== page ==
The National Transport Authority (NTA) has begun developing proposals for four Bus Rapid Transit (BRT) corridors, which could be developed at a fraction of the cost of Metro North or other Luas tram systems, it emerged yesterday.

BRT involves buses running on lanes which are segregated from all other traffic, including taxis. The vehicles are also given priority at traffic lights. There will also be measures to reduce dwell times at stops such as multiple door opening and off-vehicle ticket purchasing.

Last week the Railway Procurement Agency (RPA), which plans Luas and Metro projects, was given new powers extending its remit to include BRT and early planning work has begun on four lines to Dublin city centre from the Stillorgan Road, Blanchardstown, Malahide and Lucan.

It is understood that a 'Blue Line' BRT on the Stillorgan Road would include a route from St Vincent's Hospital to Sandyford -- estimated by Dun Laoghaire Rathdown County Council to cost €33m.

It would include 10 stops, carrying 1,000 passengers per hour each way with buses every six minutes at peak times.

The moves comes as Transport Minister Leo Varadkar yesterday confirmed he had suspended the planning process for the proposed 25km Metro West light-rail system which was planned to link the major suburbs of Tallaght, Clondalkin and Blanchardstown before terminating at Dardistown.

A public hearing into the line was due to begin on October 4 next, but the planning application has been withdrawn due to a lack of funding.

"Metro West was to be procured as a Public Private Partnership (PPP), however, a significant exchequer contribution would also have been required," Mr Varadkar said.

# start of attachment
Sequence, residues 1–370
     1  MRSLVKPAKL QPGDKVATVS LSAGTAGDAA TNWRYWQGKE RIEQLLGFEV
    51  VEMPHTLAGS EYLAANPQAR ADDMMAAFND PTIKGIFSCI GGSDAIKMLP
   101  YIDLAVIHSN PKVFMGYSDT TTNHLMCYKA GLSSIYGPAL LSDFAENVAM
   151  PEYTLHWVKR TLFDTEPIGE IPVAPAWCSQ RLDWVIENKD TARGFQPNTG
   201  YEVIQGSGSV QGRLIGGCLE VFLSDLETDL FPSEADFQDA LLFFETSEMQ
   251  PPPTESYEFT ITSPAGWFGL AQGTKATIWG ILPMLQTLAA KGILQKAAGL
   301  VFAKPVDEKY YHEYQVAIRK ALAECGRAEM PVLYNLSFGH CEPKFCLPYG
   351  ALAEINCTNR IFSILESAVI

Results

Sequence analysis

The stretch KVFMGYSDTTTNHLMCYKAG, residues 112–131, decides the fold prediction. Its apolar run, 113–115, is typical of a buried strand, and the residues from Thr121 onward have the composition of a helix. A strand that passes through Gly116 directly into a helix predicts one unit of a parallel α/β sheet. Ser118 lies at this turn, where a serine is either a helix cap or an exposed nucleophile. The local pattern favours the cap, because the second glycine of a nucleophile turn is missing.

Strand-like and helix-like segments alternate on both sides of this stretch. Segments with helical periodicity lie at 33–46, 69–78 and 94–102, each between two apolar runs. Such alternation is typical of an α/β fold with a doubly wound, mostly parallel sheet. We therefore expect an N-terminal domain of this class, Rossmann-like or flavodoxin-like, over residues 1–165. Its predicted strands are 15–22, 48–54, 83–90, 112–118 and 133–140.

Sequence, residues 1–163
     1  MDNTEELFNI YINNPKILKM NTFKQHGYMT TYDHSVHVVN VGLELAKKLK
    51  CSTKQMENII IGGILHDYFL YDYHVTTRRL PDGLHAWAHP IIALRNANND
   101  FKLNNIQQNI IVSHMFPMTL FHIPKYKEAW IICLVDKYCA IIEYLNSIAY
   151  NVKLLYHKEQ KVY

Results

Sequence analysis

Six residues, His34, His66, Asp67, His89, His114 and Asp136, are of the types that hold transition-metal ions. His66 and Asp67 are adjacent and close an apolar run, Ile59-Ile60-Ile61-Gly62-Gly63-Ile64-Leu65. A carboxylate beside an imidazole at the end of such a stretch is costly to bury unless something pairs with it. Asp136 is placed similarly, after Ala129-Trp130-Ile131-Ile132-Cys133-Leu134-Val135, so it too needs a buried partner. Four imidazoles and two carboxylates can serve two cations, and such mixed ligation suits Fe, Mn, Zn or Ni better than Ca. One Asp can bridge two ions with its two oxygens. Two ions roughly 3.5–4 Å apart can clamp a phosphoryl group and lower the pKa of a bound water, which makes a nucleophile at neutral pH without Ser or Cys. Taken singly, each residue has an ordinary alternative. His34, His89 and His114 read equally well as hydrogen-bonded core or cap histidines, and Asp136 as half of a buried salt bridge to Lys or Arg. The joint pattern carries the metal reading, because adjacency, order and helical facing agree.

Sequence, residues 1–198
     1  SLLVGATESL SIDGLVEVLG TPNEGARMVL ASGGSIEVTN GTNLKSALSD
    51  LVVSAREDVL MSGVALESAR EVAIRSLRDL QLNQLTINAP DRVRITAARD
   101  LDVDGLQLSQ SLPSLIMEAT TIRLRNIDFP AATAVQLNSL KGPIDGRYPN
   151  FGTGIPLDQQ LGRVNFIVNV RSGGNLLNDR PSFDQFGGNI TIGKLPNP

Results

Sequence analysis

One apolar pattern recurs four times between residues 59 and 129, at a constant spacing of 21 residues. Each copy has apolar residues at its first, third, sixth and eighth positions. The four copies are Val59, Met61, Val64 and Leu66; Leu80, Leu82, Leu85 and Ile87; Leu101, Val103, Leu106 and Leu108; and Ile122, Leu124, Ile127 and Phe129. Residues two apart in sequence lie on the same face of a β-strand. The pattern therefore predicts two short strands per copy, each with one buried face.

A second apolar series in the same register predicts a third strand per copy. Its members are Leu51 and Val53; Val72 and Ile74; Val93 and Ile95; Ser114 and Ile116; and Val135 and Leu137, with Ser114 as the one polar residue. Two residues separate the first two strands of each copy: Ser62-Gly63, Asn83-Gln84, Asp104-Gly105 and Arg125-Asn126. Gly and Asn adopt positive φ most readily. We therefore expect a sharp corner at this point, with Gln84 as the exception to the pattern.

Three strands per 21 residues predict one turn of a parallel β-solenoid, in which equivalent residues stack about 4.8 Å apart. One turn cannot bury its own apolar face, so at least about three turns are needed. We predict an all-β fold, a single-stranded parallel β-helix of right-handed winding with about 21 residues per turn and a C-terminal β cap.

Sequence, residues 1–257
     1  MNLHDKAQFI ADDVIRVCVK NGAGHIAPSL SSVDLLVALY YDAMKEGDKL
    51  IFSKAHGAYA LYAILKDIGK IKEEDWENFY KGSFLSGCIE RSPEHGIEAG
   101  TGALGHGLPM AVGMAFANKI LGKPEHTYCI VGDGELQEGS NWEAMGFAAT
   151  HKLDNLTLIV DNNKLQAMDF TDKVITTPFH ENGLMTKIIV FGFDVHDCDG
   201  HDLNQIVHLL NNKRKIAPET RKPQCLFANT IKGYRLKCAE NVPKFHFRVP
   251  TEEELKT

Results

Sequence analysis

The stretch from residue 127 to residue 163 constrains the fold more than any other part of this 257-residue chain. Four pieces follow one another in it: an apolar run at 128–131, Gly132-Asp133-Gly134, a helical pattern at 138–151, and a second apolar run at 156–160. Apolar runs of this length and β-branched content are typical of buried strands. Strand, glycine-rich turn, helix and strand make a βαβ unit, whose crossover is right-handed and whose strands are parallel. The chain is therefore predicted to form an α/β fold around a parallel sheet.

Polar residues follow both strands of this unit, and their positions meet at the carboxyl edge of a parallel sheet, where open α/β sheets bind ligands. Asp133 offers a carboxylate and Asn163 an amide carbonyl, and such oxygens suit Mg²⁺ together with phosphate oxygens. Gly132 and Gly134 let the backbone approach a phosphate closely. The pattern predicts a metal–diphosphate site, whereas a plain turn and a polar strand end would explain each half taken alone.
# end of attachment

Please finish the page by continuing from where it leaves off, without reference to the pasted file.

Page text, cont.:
Limited

"The successful awarding of a major PPP contract involving private funding is challenging at any time but particularly in current circumstances.

"This does not mean that Metro West has been cancelled. However, with very limited funding available for capital projects over the next few years, I did not consider it to be a good use of taxpayers' money to advance Metro West any further."

The Government is expected to publish a review of its capital spending programme next month which will outline how much will be spent on new public transport projects up to 2017.

There are four major rail projects in the mix -- Metro North, DART Underground, an extension of the DART line to Dublin Airport and a link-up of the two Luas lines in Dublin.

It is likely that Metro North and DART Underground will be shelved while one of the other projects may go ahead.

Metro North and DART Underground are costed at more than €2bn each. But BRT is also being considered because it is far cheaper to build than rail.

Yesterday Mr Varadkar said he was keen to explore the use of BRT, if money was available.

"BRT is effectively a Luas on wheels which can be delivered at a much lower cost," he told the Irish Independent.

"It has already been provided successfully in a number of cities, including Cambridge in the UK and Eindhoven in the Netherlands. It's definitely something that we would like to pursue if we have the funding."

- Paul Melia
http://www.independent.ie/national-n...l-2887236.html
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Unread 26-09-2011, 12:36   #5